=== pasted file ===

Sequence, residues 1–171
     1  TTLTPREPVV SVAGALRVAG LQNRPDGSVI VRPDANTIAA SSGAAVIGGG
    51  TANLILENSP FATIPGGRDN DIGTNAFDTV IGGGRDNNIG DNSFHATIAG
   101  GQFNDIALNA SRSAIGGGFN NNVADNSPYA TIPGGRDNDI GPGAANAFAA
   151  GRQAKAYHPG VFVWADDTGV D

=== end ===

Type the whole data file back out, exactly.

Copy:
Sequence, residues 1–171
     1  TTLTPREPVV SVAGALRVAG LQNRPDGSVI VRPDANTIAA SSGAAVIGGG
    51  TANLILENSP FATIPGGRDN DIGTNAFDTV IGGGRDNNIG DNSFHATIAG
   101  GQFNDIALNA SRSAIGGGFN NNVADNSPYA TIPGGRDNDI GPGAANAFAA
   151  GRQAKAYHPG VFVWADDTGV D